As I write this, I’m in day 12 of my 30 days, and the statistics on my Scout page show a trend already. When I post in social media (twitter, my own FB page, various reader and writer FB pages), I get 2-3 times the number of views as on days that I don’t. Even so, I’m careful to only post 1x per week on my page, and 1x per week on the various promotional FB pages. I’m saving the daily posts for the final week.

All in all, it’s a rather stressful process, especially if you hate waiting. I liken it to submitting traditionally, but you can see the editor reading your book and you’re trying to gauge their reaction.

There is one advantage, though. Within a week or so after your 30-day campaign ends, you learn if you’ll be offered a contract or not. Unlike traditional publishing, where a book can sit for up to 12 months before the editor even sees it.

The best thing is to practice patience and pour another drink!

For those of you who might be interested in taking a look at my book, here’s a little bit about it.

Struck by lightning, developing new superpowers, and pursued by a power-hungry secret military group that wants to use her as a weapon of mass destruction…it’s so not the 18th birthday that high school senior Chloe Olivetti was hoping for.

This is the summary to THE CHANGELING. If you have a minute, please register for Kindle Scout (it’s free!), read the excerpt, and if you like it, give it a vote. The benefit to you? If it wins, you get a free copy of the book for your Kindle and the book gets published. Plus, you’ll have my ever-lasting gratitude for your support (and maybe another free gift as well!). Here’s the link:

http://tinyurl.com/Changeling-scout

Thanks again!

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“Happy Joe’s Rest Stop” wins Bram Stoker Award for Superior Achievement in Short Fiction

I’m floored that “Happy Joe’s Rest Stop” from the anthology 18 Wheels of Horror, edited by Eric Miller, has won the Bram Stoker Award for Short Fiction. It was an amazing night—sitting at a table with R.L Stine, Tony Timpone and Anne Serling. Wow. Earlier in the evening I was honored to present Tim Waggoner with the very first Mentor of the Year Award. Tim’s been an amazing ally of mine the last several years, and has saved my sanity on a few occasions when dealing with the roller coaster world of publishing. I know: that seems ridiculous. Publishing? Isn’t that a bunch of old men in a room filled with cigar smoke, rare whisky, and rare editions bound in leather? Not at all. Every small victory is hard won. This was a big one.

With that? Here’s what I read after winning the award.

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The Bram Stoker Award is a beacon. It’s that neon sign on a rainy side street in an unfamiliar city, luring you into a dark and cozy bar. There’s a song on the jukebox played by Damian Walters … something about singing about your scars … at the bar Gene O’Neill can tell you all about the Algernon Effect over a coffee … where behind the bar Kate Jonez will tell you how you might change your luck if you ask for just the right drink … and where at the end of the bar you might be tempted to open Allyssa Wong’s small bottle with something dark inside whispering your name … and I’ll have a story for you, too … about a boy and his Dad who get separated by the embodiment of pure evil … but even that is not enough to sever the tie between them.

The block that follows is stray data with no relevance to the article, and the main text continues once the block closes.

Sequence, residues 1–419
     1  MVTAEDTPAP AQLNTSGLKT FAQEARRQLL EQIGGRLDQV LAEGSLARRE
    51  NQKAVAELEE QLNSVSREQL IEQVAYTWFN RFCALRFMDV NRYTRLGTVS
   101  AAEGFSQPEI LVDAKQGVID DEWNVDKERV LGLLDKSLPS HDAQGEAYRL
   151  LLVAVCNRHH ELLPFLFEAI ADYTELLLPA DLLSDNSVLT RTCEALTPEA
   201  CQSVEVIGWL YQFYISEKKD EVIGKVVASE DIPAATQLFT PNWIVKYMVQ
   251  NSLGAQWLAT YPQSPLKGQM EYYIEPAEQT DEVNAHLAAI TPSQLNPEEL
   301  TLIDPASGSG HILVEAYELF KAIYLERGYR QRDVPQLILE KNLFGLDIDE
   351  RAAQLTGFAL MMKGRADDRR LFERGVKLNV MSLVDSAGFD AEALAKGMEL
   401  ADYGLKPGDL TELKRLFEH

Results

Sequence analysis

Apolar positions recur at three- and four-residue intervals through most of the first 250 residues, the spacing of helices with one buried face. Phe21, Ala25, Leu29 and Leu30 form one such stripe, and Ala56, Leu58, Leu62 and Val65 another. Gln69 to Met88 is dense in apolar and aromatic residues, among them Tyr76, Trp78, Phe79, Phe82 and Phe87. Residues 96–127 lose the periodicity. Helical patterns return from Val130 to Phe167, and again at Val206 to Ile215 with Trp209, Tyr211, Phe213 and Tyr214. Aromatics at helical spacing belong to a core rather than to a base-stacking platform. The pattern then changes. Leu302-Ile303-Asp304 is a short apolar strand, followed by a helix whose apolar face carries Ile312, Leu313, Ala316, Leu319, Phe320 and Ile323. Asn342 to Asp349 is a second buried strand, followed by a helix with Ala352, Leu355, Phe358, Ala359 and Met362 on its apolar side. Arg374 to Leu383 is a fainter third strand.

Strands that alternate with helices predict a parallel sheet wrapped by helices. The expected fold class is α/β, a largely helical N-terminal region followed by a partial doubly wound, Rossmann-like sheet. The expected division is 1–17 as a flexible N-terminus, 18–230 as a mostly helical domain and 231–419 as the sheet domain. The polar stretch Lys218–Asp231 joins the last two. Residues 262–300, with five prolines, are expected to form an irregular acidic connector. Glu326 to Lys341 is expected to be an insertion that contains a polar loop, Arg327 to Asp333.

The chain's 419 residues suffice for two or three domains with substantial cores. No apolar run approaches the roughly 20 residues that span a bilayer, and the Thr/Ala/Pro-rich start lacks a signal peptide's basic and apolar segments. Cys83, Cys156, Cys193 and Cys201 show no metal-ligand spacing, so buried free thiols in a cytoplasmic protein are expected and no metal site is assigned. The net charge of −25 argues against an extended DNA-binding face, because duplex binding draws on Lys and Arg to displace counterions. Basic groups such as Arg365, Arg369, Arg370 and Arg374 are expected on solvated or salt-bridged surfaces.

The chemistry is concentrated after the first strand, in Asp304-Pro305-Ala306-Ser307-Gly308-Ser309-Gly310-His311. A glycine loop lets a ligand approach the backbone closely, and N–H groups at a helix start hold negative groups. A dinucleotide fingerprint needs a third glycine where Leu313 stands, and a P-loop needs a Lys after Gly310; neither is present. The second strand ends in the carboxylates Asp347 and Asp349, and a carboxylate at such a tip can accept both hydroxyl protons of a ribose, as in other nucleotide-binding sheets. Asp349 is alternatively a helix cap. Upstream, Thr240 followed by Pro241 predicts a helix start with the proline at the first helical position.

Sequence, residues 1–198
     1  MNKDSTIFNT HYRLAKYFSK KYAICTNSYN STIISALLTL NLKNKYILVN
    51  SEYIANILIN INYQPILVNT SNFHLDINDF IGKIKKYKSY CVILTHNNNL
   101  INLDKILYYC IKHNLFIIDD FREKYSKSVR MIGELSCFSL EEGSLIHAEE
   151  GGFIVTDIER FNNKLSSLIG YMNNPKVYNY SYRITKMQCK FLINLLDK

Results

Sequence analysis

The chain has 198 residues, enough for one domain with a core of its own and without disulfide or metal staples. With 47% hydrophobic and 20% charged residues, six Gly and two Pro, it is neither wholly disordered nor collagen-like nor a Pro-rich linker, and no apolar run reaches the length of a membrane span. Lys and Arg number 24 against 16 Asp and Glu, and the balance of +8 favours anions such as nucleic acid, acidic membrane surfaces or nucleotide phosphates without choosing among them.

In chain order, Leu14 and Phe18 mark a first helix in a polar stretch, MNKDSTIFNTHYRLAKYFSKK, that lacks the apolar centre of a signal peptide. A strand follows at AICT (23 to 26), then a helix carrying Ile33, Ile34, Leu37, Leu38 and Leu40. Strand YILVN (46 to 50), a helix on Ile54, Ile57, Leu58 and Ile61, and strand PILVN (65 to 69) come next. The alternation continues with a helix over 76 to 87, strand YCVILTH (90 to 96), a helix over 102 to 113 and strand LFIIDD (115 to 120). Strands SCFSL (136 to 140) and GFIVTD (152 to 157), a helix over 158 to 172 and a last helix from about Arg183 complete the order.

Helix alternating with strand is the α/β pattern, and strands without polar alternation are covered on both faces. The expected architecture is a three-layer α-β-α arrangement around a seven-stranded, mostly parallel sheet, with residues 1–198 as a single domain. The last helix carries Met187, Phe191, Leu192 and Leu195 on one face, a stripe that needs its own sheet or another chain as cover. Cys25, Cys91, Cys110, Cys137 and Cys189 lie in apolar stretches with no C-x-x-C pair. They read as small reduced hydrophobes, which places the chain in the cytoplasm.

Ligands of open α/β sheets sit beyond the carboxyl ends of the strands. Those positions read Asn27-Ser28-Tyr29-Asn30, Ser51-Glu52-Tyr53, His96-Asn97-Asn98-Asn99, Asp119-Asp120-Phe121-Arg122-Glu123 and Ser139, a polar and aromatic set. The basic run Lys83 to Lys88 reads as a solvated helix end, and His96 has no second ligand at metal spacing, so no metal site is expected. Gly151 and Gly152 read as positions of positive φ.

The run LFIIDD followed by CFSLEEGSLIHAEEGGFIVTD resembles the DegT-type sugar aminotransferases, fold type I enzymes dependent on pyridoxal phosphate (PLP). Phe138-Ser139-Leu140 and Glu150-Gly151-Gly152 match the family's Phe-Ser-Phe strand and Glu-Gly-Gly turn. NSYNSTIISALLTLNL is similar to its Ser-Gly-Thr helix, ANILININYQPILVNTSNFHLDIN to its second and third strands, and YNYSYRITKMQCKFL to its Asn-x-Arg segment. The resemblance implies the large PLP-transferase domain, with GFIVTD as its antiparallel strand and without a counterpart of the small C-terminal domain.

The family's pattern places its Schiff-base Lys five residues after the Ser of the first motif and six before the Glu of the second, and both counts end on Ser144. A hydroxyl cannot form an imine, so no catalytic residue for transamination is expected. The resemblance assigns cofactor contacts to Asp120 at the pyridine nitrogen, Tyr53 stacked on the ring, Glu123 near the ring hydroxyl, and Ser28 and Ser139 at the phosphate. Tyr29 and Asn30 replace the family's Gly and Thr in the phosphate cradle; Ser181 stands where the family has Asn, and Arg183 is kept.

Thank you so much to everyone who read and voted for my story.

All these great stories are to be celebrated and sought out. Horror fiction is in such a huge renaissance right now that if I started reading my TBR pile now, I’d still never get through the sheer amount of amazing works being produced all over the spectrum: from literary, to matinee, to the weird, to the bizzaro: I love all of you and walk with you on the nighttime streets, listening for when the darkness talks back to us, and writing it down when we can.

Thank you to the many in our community who’ve helped me over the years: Lisa Morton, Gene O’Neill, Hal Bodner, Deborah LeBlanc, Joe Nassise, Gary Braunbeck,  Bentley Little, Tim Waggoner, Nancy Holder, John Everson, Joe McKinney, and everyone else, and especially the good folks of the Los Angeles Chapter, who continually inspire me.

Thanks to Eric Miller, the editor behind 18 Wheels of Horror, whose sure guidance shaped Happy Joe’s into the story it is today.

Thanks to my Dad and my mom and my brother, who have always supported their strange child through his many passions over the years.

Thanks to Fawn, who found my ghost heart and made it whole again. Your positive influence is nothing short of inspiring and continuously galvanizes me.

And all my love to Leonardo Gabriel. This one’s for you, Kiddo!

Happy Joe's graphic

***

18 Wheels of Horror on Amazon

Happy Joe’s Rest Stop wins Bram Stoker Award from Horror Society

2015 Bram Stoker Award Winners Full List

http://news.sys-con.com/node/3813621

 

 

13 Things You Didn’t Know About Stuart R. West